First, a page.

Coffee grounds are a great addition to your gardening toolbox as a natural fertilizer, soil improver, or to keep pests at bay. However, as with humans, not all plants like coffee! It’s also vital to use coffee grounds in a way that won’t harm your plants or the microorganisms in the soil.
The simple answer is that yes, ferns love coffee! It’s essential to know how to use it, though – it’s possible to damage your plants or reduce the soil quality by using coffee grounds incorrectly.
In this article, we’ll look at whether used coffee grounds are suitable for your ferns and how to use them to get the best results. Remember that we’re not talking about fresh coffee here – these are the waste grounds from after the brew is over.
Are coffee grounds good for Ferns?
Coffee grounds contain nutrients such as nitrogen, potassium, and phosphorus, which plants need to produce strong, healthy growth. They are also slightly acidic (pH 6.5 – 6.8), which ferns enjoy – most types love acidic soil.
Most of the acid content in ground coffee ends up in the liquid (the part that we drink!) once the coffee is brewed, so don’t expect coffee grounds to acidify your soil.
In effect, they’re pretty much pH neutral, but some types could be more acidic than others. In some experiments, used grounds have even been found to be alkaline! If you’re worried about the pH level of your soil, a pH meter can be a great help.
The mostimportant thing when using coffee grounds on your ferns is not to use too much. However you decide to use them, moderation is key!
Best Ways to Use Coffee Ground on Ferns
Composting with Coffee Grounds
Using coffee grounds in your compost bin is probably the best way to incorporate them into your garden. It’s simple – just throw your used grounds into your compost bin and use the compost as usual when it’s ready.
As well as adding nutrition, the nitrogen in the coffee grounds helps to break down the other components in the compost and ensures that the result is rich and well mixed.
However, make sure that coffee doesn’t make up more than 20% of your total compost – levels over 30% can have a detrimental effect. Good compost comprises a wide variety of green (nitrogen-rich, like coffee) and brown (carbon-rich, like leaves) materials. (Source: The University of Arizona)
Coffee Grounds as Organic Fertilizer
Coffee grounds contain about 2% nitrogen, which is the primary nutrient needed for strong, green growth. They also contain smaller amounts of other nutrients like copper, magnesium, calcium, and sugars.
A 2% nitrogen fertilizer will provide a gentle boost of nutrition to keep your ferns looking green and healthy without over-fertilizing them or burning the roots.
Mix with Mulch
Mulching with coffee grounds is a great way to easily introduce the benefits of coffee grounds to your ferns. Simply add a quarter-inch layer of grounds mixed with other organic mulching material like pine bark or leaf mold on the top of your fern’s soil.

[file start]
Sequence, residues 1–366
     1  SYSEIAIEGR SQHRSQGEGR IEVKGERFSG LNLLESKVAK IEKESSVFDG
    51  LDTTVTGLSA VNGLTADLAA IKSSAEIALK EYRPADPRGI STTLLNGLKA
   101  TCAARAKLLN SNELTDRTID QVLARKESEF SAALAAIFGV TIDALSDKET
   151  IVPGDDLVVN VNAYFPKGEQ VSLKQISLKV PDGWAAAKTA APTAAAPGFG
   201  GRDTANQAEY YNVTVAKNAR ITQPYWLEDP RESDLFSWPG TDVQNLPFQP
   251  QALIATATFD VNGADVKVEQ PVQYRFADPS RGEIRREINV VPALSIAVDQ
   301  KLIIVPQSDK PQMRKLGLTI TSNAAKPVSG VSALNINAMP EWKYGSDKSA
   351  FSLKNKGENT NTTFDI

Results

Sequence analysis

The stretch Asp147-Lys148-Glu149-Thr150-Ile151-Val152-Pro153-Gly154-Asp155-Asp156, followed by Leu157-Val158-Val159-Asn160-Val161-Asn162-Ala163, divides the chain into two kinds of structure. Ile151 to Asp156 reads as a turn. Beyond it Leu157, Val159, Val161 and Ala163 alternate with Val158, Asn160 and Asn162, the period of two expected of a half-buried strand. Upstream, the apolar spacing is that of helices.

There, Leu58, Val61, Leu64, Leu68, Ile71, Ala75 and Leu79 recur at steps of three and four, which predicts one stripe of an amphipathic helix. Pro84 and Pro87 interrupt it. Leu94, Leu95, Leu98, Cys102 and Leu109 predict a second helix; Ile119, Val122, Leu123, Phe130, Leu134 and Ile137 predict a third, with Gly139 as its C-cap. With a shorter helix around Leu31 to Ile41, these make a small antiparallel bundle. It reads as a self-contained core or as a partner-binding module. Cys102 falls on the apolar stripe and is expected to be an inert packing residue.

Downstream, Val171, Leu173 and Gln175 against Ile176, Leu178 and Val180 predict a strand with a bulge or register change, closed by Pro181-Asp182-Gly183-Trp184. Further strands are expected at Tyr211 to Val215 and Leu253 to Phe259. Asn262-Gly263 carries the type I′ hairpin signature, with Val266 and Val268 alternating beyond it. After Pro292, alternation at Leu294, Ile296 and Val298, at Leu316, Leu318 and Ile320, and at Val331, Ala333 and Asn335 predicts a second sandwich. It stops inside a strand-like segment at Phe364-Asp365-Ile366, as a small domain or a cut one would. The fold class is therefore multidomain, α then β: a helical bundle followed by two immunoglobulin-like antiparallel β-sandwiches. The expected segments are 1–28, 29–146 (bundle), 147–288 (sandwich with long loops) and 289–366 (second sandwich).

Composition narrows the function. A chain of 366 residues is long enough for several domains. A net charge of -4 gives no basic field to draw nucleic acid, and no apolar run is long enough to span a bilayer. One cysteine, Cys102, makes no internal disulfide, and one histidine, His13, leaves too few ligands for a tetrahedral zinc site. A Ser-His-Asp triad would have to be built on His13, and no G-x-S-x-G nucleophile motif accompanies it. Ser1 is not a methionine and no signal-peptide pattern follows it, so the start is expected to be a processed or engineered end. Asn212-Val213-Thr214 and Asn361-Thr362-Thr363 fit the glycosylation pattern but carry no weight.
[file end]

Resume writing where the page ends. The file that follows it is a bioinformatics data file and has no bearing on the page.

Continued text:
Make sure that the coffee is evenly distributed and not in clumps. The nutrients will gradually seep into the compost below, and the coffee will inhibit pests, diseases, and weeds.
When you use coffee grounds as a mulch, it is vital not to make the layer too thick as the fine particles can form an impenetrable barrier that stops air and water from passing through, eventually starving the fern of these necessities.
Coffee Grounds as Compost Tea
If you don’t have a compost bin, a simple and effective way to use coffee grounds on your ferns is to make tea.
Quarter-fill a large glass jar with used grounds, then top up the jar with water. Leave the jar in a warm place out of direct sunlight for a couple of weeks or more if you can.
You can strain the resulting tea or not; you could even keep using the same grounds for more tea – adding fresh grounds each time.
To use your coffee compost tea, add one cup per half a gallon of water the next time you water your fern.
Add Coffee Grounds to The Potting Mix When Repotting
This is another super-simple way to use your coffee grounds. When you repot your ferns, add in a handful or two and mix them in well. They’ll add valuable nutrients to the soil, improve aeration and inhibit pests and diseases.
Because uncomposted grounds can be quite strong and can stunt the growth of young plants, never use them in large quantities and never on seedlings or young plants.
Water After Application
Probably the simplest way to use coffee grounds with your ferns is to sprinkle a small amount on the surface of the fern’s soil then water the plant thoroughly. The water will take the coffee grounds down into the soil where the plant’s roots can access them.
Ferns have a shallow root system, so this is a good method for them, but be careful not to add too much – you don’t want to encourage fungi and flies! A teaspoon or two once a month or so should do it.
Don’t Use Coffee Grounds for Seedlings!
When using coffee grounds, one crucial thing to remember is never to use them on seedlings or very young plants. In large doses, coffee inhibits growth – and even a small amount of coffee is a large dose to a tiny seedling!
To understand this mechanism, it helps to think about the coffee plant itself. Coffee plants produce caffeine in their leaves.
When these leaves drop to the ground, the caffeine is released into the soil and inhibits the growth of other plants – it’s effectively a chemical weapon against competition!
Benefits of Using Coffee Grounds
Adds Nitrogen to the Soil
As used coffee grounds contain around 2% nitrogen, they are the perfect way to enrich your soil without risking damage to your plants’ roots.